Parquet and geometric patterns have experienced a real boom period since the 1990s; a trend which shows no sign of slowing down as the herringbone, chevron, design panel and more are continually used in projects across the world.

Hexagonal wood flooring may be less common than these traditional formats, but it is a brilliant way to add pattern and character to all surfaces.

It can appear difficult to use but this is not the case and many a space can benefit from the use of this unique format. Be it for personal usage or in a commercial setting, consider hexagonal flooring to lift your upcoming project. In this guide, we will share detailed advice on how to use hexagonal patterned flooring in your next project. As you will need to consider…

The type of space you are working with

Interior design trends

Colour scheme

Flooring layout


Hexagonal flooring is a geometric design that uses clean straight lines and carefully cut shapes.

A traditional example of the hexagonal pattern is the Mansion Weave.

This pattern uses small blocks to surround a hexagonal shape, creating an intricately woven pattern which flows across the entire floor. Avery, from our Unfinished Oaks collection, was developed using this method with its simple shapes and natural colour adding comfort to your project.

However, hexagonal flooring isn’t purely limited to using 6-sided pieces to create a flooring motif. Instead, many individual blocks in triangle, diamonds, squares and more can combine to create the hexagonal appearance.

A strong example of this would be Shrawley, another of our Unfinished Oaks. In this floor, three trapeziums combine at the correct angle to create the desired hexagon.

Often associated with tiles and LVT, using wood for this design adds much more texture and natural feeling than manmade, less-environmentally-friendly options.

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Hexagonal patterns may be a challenge to lay, but they can thrive in different settings.

Hexagonal Flooring in Homes

The best spaces are, as you may expect, those which have room to show off the full repetition of the pattern. Kitchens, bedrooms, and lounges are an ideal choice given the dimensions of these spaces, as you may struggle to enjoy the full effect of the floor in tighter areas such as hallways and corridors.

Where there is limited space, consider other geometric options instead. Herringbone and chevrons for example work much more effectively here and can lead into a larger room where the hexagonal format floor appears.

Hexagonal Flooring in Commercial Spaces

For a commercial aspect, hotel rooms and lobbies are a good choice for hexagonal flooring as the floor can help to add individuality, making them feel special.

The 20mm thickness we supply these floors in make them an ideal choice for even the most high-traffic areas. These durable floors also have a 4mm wear layer for to further protect the finish, making them ideal for environments retail, leisure and beyond.

Regardless of where you place your hexagonal floor, we would recommend using a professional fitter. Correct preparations and subfloor inspections can make all the difference.

Shrawley Unfinished Oaks


1. Consider the interior design of your space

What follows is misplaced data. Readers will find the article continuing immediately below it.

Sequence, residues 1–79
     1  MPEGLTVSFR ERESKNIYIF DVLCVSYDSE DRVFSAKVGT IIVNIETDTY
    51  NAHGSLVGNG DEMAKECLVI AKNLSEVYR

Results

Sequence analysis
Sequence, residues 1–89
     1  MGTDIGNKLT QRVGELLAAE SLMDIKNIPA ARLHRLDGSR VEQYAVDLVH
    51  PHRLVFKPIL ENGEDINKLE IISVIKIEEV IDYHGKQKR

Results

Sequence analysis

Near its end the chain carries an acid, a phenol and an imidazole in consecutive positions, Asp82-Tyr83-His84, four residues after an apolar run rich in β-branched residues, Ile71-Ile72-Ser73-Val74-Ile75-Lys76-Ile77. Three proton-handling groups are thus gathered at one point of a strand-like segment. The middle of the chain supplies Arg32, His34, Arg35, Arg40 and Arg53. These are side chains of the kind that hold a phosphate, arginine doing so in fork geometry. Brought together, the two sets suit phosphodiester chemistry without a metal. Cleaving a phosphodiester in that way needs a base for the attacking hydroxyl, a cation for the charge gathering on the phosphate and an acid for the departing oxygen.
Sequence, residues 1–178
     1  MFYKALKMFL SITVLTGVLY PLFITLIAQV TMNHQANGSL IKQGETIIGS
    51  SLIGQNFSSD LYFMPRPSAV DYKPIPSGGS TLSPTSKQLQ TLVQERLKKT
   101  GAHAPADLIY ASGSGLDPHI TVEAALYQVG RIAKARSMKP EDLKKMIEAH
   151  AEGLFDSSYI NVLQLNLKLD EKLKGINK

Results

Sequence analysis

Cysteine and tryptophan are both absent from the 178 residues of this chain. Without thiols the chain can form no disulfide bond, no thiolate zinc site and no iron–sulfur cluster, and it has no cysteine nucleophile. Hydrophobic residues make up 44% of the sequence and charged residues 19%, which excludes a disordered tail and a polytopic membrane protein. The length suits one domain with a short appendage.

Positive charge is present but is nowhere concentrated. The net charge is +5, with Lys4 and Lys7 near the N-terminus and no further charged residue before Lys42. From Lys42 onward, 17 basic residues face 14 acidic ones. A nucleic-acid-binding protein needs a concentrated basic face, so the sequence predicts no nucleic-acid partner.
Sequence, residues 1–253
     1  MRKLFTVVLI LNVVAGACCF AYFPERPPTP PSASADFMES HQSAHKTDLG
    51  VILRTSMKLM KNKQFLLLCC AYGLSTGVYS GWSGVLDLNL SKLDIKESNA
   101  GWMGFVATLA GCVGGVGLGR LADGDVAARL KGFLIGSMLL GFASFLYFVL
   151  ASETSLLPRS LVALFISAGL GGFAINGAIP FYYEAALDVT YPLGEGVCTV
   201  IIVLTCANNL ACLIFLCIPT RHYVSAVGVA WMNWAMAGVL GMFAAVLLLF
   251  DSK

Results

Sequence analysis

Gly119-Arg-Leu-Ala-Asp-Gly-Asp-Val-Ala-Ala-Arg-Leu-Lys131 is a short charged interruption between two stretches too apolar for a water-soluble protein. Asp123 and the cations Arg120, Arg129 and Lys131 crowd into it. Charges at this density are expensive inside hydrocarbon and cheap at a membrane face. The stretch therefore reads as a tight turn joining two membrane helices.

Delivering a contemporary look, the format can fit into many Scandi-style designs with its clean lines and intricate shapes.

2. Think about the colour scheme of your room

One of the best approaches with hexagonal flooring is to use natural colours and tones. This allows it to take pride of place within a project, without overpowering the rest of your creation – blacks and other dark colours provide a lovely contrast to the floor.

A great way to incorporate this floor with your project would be to use the hexagonal shapes in order to segment parts of the room and make certain zones stand out. For example, this is particularly effective commercially when trying to split a breakout room from an office environment.

3. Be creative with the hexagonal pattern shape and layout

Another option is to pair the hexagonal design with another plank or parquet pattern, creating something more intricate and interesting. Using hexagons at the centre of the floor and spilling wide planks out in from each side of the shape can make an incredible larger weave, elevating the interest and character of your project.


Finally, consider the environmental advantages when using hexagonal pattern flooring within your project. This wooden flooring is far more sustainable than LVT or other manmade plastic alternatives, so if you’re looking to make your project more sustainable hexagonal wood flooring is a brilliant choice to incorporate.


Hexagonal pattern flooring, whilst appearing complex, is actually a very easy design to get the most out of.

Our two Unfinished Oaks provide a natural and versatile introduction to the pattern, but if you’re looking for a different species or colour perhaps, then be sure to contact our bespoke team who will be happy to draw up plans for a hexagonal floor that fits your specifications.

Be it a commercial space or a more personal approach, hexagonal flooring is a clean, crisp choice that can punctuate any project.

To learn more about the different types of wood flooring, you can find many more guides here. They will tell you everything you need to know about wooden floors.



To learn more about our hexagonal wood flooring and how they can benefit your project.